The Confession thread

l3gacy

Dr. Awesomesauce
Staff member
#1
We all have dirty secrets about us... things you hide from the rest of the forum, things you don't acknowledge you are guilty of. But you know. You know what you've done, or not done. So, clean your soul and admit it here.

My confessions:

I have not read any Patrick Rothfuss book, nor are his books particularly high on my to-read list.
I find the Lord of the Rings books quite boring.
I liked The Redemption of Althalus by David Eddings.
When reading all the Pug/Feist/Midkemia books, I skipped the Empire trilogy just because it was coauthored.
I thought Mistborn was just okay, and have read no Sanderson works other than Mistborn and his partial authorship of the final Wheel of Time books.

Don't you judge me. Your turn. 'Fess up.
 
#3
Ok i wont judge, but i strongly advice the reading of Name of the Wind.
My biggest sins are:
- I think Silmarillion was so boring, i had to close it.
- I think Tolkien is really overated but shhh dont tell anyone.
- I haven´t read a single book of Wot and im not much eager to start it.
 

Hikerike

Owns a Ring of Power
#4
I guess I feel the same about Mistborn, although i like Sanderson i thought that the final empire was very good but the rest of the series was okay.
I still love Harry Potter very much, it was together with Bilbo what got me into reading, and fantasy in particular.
I still own a copy of Twilight.
For some wierd reason some of my friends think im super smart because i enjoy reading and i have stopped trying to argue that.
 

Bierschneeman

Journeyed there and back again
#5
I have More TBR books on my shelves than stuff Ive read.
I THINK Mark Twain is THE WORST American Author ever. and when I hear otherwise All respect from the person stating thus goes directly into the garbage.
I think Earthsea is overated
I have never read a word of Twilight, but I have very strong opinions on it, (and I hold True Blood to the same hatred.)

edit
Ohh I have tried three times to read Game of thrones and failed, I think GRRM is a lackluster predictable author who pulls out stops to convince you its worth reading (or at least thats the opinion I gather from only making it to page 100).....the tv show pretty awesome.
 

Sneaky Burrito

Crazy Cat Lady
Staff member
#6
Here's some from me:

I realized early on that Brandon Sanderson writes the same book over and over (I think Joao has brought up the Sanderson theme on other threads but was never so harsh as to call it the same book), but it took me far too long to realize Mercedes Lackey does the same thing. (For what it's worth, I'll read Sanderson again but not Lackey. Hopefully that redeems me a bit.)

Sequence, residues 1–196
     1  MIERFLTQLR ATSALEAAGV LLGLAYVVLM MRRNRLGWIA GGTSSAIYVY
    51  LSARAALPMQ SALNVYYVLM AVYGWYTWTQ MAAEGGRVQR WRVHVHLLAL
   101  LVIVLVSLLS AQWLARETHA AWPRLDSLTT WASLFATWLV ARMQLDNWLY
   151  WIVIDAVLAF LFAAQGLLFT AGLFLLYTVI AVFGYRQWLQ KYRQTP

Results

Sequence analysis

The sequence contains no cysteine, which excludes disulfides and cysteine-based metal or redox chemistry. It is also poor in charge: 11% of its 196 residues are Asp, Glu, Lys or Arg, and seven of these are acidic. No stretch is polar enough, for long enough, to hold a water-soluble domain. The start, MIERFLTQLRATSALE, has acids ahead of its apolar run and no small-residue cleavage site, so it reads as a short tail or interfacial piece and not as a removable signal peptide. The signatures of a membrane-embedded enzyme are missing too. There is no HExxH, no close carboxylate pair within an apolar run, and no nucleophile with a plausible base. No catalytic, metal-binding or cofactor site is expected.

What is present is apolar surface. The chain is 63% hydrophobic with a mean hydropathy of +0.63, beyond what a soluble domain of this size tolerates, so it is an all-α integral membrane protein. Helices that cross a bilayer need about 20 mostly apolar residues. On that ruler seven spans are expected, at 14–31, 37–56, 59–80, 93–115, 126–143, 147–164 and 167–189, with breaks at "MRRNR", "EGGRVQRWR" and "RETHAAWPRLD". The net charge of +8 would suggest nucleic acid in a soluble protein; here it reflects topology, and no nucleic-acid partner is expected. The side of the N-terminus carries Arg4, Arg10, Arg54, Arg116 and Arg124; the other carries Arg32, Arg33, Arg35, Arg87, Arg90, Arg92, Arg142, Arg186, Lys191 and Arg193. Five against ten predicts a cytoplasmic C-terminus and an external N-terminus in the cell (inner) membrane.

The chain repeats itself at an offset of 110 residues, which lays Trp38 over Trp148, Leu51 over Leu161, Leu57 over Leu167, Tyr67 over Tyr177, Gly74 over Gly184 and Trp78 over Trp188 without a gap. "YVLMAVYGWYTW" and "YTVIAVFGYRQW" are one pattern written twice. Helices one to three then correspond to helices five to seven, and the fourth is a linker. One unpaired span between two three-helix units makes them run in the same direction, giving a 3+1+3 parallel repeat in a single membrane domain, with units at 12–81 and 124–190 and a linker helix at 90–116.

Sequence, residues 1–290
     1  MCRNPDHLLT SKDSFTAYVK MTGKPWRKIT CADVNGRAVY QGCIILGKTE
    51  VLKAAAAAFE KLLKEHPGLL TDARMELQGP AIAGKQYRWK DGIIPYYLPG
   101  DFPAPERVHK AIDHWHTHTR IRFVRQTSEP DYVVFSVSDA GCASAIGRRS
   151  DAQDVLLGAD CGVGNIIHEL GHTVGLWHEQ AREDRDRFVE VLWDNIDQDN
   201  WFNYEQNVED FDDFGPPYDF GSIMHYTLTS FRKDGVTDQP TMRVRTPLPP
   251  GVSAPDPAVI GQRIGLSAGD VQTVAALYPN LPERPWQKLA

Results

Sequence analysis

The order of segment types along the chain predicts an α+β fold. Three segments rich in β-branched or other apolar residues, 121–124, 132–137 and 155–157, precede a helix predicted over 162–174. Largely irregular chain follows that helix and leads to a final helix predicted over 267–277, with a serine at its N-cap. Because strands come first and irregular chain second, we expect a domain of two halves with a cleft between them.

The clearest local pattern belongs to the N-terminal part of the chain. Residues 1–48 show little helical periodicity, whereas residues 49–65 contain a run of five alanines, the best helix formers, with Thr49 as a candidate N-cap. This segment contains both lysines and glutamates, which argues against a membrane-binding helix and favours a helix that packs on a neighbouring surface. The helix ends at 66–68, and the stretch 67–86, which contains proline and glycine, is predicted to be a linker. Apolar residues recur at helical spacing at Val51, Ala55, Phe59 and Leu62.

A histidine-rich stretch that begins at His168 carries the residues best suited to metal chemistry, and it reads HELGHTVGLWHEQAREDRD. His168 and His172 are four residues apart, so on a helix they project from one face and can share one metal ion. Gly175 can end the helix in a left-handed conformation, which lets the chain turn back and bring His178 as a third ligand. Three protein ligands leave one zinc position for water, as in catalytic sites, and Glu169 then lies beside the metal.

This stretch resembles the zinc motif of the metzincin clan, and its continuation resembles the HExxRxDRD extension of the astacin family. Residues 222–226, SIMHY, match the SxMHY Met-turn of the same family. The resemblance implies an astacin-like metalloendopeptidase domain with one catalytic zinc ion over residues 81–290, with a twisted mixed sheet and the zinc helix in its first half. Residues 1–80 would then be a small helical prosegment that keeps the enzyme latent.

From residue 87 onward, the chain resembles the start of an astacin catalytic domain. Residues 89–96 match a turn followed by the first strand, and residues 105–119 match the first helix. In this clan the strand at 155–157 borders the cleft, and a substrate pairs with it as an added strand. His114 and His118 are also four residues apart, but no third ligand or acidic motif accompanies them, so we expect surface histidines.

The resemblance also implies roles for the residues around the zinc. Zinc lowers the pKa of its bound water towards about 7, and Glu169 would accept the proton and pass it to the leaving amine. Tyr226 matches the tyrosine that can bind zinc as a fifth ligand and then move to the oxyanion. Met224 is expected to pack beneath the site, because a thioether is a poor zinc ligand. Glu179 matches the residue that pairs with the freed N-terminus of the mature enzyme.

Also, I've spent far too much time reading bad fantasy: Sword of Truth series, Sword of Shannara series, Recluce series, most everything I've picked up by Sara Douglass, most everything I've picked up by Karen Miller, the aforementioned Mercedes Lackey books, etc.

And, I've never read anything by Neil Gaiman. Lately he's been irritating me, anyway, because he's going around playing "professional author" (e.g. giving graduation speeches) and writing children's books and not coming out with new novels and defending George R.R. Martin's writing pace (according to a Gaiman fan I know -- I really don't pay much attention to the guy, honestly).

I'm sure there's more, but I think we had a thread like this sometime last year and I probably put it all there.
 

moonspawn

Journeyed there and back again
#7
I have taken a vow never to read the wheel of time (I have good reasons for this "odd" decision).
I hated the simarillion
Terry Brooks is the author that got me really "into" fantasy. I think I would still enjoy the word and the void trilogy and the Genesis of Shannarah if I were to re-read them.
 

Amaryllis

Journeyed there and back again
#8
I didn't know it was actually an orangutan when I took it on that date. The light wasn't very good, and they acted cordial enough at first. And so what if I decided we were going to finish the movie and go to dinner after? I had reservations already, and I didn't know it was being filmed...

Oh wait, wrong kind of confession? Oops.
 

Amaryllis

Journeyed there and back again
#9
For realsies though:

I didn't like Lord of the Rings either. I did like the Silmarillion, on the other hand. Does this make me sort of cultured? Or still a total dunce, as the comment section for this series on this site likes to suggest?